Surprises aren't confined to Wigan. The 'loony Left' and 'barmy' Brent of yesteryear is on course to become 'The Quality Council'.
Brent Town Hall is a place of surprises. From the outside, it presents the usual civic facade of solid if faded pomp. Inside, in the unreconstructed parts of the building not intended for public scrutiny, the gloomy paint, worn lino, exposed pipes and overall air of dingy parsimony are familiar hallmarks of local government premises. But if you turn right at the entrance and proceed to the Council's One-Stop Shop (as you would do if you were a resident of the borough seeking information on local matters), you enter a very different world - a place of spacious and carpeted calm, where knowledgeable staff in pleasant uniforms will deal with any query, or complaint. Here there are no queues, no overflowing ashtrays, no scruffy noticeboards, none of the normal signs of a municipal domain. Instead, you see neatly arranged customer charter leaflets making quite specific promises - from answering phone calls within five rings to paying out refunds if dustbins aren't collected - and even, astonishingly, offering apologies for service that has not been good in the past. You see a children's play area, well stocked with toys, and a vending machine that works.
Can this really be local government? Above all, can this really be Brent? Brent Council, readers may recall, was known for its 'loony Left' agenda in the latter 1980s - in particular, for the equal opportunities programme which the Labour-controlled council rightly deemed necessary, this being the most ethnically mixed borough in the country, but which it pursued with rather excessive zeal. The Council earned itself a new sobriquet as 'barmy Brent' when, in 1991, the Tory leader elected the previous year broke the deadlock of a hung council by enlisting the support of two former Labour councillors, whose eccentric views included support for the Ugandan dictator, Idi Amin (not an attitude calculated to endear itself to Brent's Asian population).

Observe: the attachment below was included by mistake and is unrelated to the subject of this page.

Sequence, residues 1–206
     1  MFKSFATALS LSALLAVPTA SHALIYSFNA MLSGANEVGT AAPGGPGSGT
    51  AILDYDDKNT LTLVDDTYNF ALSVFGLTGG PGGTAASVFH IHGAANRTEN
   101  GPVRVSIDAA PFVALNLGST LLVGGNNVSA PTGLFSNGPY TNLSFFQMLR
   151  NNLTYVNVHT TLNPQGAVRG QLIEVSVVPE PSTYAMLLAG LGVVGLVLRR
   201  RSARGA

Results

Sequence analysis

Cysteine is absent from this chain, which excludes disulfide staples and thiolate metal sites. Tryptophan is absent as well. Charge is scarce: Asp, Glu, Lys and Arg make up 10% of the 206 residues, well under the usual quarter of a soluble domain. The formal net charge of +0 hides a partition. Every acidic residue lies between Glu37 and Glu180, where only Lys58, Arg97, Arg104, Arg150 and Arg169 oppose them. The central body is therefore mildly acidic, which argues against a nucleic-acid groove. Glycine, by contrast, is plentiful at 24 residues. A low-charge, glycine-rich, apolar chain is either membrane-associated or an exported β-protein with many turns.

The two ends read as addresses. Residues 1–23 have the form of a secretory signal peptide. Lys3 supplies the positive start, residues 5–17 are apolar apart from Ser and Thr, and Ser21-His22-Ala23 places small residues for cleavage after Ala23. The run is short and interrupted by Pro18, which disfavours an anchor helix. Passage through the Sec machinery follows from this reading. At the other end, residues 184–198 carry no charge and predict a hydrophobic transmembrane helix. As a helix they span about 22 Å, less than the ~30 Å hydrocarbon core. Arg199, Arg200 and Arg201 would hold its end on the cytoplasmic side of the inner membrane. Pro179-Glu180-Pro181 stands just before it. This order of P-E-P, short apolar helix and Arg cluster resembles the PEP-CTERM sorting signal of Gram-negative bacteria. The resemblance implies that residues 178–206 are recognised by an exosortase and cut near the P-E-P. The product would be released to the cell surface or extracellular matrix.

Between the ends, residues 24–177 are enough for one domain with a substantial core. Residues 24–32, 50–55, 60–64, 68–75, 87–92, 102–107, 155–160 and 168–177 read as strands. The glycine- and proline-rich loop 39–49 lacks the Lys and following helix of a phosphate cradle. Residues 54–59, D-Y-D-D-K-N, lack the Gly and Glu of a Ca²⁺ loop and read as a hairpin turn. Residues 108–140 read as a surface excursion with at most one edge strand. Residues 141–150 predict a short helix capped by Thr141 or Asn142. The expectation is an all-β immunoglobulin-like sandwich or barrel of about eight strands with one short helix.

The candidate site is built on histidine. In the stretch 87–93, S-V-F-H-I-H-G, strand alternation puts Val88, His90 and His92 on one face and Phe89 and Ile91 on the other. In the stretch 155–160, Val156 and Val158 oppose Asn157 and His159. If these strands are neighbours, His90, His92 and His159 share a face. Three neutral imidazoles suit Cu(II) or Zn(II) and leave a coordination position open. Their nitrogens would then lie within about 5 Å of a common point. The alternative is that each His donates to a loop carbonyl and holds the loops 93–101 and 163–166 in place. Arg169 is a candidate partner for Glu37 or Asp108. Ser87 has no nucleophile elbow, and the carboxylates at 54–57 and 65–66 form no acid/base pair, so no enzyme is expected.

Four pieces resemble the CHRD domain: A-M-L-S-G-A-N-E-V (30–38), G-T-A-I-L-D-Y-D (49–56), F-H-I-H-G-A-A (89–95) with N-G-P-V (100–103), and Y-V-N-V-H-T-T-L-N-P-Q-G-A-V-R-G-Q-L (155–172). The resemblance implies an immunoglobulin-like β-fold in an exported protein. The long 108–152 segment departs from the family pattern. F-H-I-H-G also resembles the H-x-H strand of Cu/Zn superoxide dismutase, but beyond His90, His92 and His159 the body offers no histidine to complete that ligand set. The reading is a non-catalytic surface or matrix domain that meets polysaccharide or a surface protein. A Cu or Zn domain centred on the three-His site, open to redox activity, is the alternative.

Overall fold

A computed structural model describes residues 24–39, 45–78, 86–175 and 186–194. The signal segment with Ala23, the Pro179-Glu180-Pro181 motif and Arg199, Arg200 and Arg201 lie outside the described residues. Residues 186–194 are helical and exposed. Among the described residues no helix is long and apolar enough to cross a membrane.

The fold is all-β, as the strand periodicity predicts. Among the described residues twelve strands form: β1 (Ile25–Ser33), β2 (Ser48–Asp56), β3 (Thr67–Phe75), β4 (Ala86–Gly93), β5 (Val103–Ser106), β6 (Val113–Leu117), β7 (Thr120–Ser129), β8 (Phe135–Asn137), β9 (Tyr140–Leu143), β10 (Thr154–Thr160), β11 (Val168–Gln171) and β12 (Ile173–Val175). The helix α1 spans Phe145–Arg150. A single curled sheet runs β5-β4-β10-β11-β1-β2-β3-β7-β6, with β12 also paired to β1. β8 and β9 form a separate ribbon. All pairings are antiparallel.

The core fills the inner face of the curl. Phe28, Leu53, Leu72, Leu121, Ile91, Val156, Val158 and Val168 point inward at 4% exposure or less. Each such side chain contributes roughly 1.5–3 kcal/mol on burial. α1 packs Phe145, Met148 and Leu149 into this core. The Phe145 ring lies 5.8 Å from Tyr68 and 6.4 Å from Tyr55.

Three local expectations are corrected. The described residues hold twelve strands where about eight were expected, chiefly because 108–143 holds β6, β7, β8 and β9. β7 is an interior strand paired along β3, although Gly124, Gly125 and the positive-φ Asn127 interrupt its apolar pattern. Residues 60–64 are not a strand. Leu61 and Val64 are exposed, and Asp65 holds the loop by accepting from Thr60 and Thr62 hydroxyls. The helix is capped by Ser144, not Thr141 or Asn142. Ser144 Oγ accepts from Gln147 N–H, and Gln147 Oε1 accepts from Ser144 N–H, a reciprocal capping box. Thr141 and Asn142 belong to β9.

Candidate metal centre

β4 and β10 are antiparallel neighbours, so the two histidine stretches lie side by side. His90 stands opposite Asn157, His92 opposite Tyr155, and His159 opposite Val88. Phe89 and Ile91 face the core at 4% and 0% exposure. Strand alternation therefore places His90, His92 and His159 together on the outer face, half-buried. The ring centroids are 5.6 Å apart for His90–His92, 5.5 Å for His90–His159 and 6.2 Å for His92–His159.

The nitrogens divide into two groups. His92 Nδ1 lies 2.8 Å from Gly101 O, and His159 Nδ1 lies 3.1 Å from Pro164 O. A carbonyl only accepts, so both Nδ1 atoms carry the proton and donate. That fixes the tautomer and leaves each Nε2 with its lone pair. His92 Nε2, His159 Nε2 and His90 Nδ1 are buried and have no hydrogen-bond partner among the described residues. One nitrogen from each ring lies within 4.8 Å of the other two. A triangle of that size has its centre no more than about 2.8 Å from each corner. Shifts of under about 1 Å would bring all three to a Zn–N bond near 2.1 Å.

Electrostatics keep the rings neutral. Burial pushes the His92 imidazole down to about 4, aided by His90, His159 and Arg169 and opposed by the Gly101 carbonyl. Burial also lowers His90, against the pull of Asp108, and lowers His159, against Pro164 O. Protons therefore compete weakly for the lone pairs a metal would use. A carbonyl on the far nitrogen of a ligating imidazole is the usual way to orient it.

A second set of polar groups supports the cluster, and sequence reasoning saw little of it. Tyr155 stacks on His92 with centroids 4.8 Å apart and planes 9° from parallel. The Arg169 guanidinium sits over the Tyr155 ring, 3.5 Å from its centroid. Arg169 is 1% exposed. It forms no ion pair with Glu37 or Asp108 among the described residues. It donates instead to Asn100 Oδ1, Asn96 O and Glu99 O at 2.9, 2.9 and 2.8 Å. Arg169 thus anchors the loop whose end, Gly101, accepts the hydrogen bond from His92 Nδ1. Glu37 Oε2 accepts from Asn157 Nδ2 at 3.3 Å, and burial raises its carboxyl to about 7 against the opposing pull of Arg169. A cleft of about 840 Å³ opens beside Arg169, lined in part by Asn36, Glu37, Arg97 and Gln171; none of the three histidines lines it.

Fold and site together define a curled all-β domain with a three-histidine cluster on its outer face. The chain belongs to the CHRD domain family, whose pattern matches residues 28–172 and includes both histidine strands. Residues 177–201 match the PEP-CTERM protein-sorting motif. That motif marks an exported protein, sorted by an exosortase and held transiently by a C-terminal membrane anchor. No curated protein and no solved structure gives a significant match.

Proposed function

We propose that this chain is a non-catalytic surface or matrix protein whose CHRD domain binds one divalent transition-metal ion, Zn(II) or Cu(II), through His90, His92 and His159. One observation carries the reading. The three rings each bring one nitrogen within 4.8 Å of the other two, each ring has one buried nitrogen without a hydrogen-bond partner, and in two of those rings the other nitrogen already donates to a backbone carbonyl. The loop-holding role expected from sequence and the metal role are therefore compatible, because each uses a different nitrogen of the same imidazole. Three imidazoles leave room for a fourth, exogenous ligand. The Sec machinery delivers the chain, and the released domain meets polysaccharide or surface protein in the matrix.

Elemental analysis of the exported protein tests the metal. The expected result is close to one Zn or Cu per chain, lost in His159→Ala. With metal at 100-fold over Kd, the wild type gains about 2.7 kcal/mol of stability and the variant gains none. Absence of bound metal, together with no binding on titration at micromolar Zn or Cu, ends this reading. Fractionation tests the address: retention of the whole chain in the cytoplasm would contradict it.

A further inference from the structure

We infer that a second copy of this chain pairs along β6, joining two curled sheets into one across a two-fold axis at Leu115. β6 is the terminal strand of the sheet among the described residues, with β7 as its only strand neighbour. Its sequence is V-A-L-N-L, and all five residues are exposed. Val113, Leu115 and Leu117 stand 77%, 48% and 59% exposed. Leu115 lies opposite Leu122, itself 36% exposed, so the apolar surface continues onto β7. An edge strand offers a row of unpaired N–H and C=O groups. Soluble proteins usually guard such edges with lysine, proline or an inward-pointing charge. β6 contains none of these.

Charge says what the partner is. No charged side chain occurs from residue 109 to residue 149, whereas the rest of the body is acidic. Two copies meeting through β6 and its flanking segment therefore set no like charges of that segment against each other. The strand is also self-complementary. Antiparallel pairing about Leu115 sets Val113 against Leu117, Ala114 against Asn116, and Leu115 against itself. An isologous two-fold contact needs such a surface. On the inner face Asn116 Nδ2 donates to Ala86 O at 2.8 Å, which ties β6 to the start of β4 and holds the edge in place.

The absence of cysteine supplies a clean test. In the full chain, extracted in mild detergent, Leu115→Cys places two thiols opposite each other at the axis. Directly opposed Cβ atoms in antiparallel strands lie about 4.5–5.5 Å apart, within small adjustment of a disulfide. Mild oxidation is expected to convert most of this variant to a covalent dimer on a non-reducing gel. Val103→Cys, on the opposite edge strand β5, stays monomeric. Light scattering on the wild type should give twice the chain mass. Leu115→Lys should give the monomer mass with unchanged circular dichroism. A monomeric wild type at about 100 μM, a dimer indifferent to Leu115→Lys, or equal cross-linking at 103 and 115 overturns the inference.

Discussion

Sandwiched between the 'loony Left' and 'barmy Brent' periods came the council's distinctly unfunny financial crash in 1988, when the inefficiencies and financial mismanagement of previous years finally became too much for the usual end-of-year creative accounting. The only response available at that time was a savage redundancy 'programme', which cut 1,000 jobs out of the existing total of 7,000, but did so in an unplanned, unstructured way that left disintegrating basic services and despairing residents in its wake. It was, however, these very disasters that were to fire Brent's Pauline conversion from what was arguably one of the worst local authorities in Britain to one that is determined to be 'quite simply the best'.
'There can be no doubt that the events of 1988 were the single most important contributor to shaping and motivating everything that has happened since,' says Charles Wood, chief executive of the council, which now has a comfortable Tory majority. Wood himself is something of a surprise. Young, 43, dynamic, astute and unpompous - he is not at all the grey totem of officialdom you might expect of a local authority chief, despite the fact that his entire career has been in local government. A graduate in civil engineering whose first jobs were at the Greater London Council and then at the borough of Hammersmith and Fulham, he joined Brent Council as director of development in 1982, and was appointed chief executive in 1986. The council then, he says, had little in the way of 'real systems of accountability, no schemes of delegation or appraisal, no structure of financial control, no cost centre structure, no systematic review or forward-planning systems, and no real vision as to where it was going'. A few small steps towards tighter control, such as a policy programme with targets, a customer strategy and increased training and staff development, were taken over the next two or three years.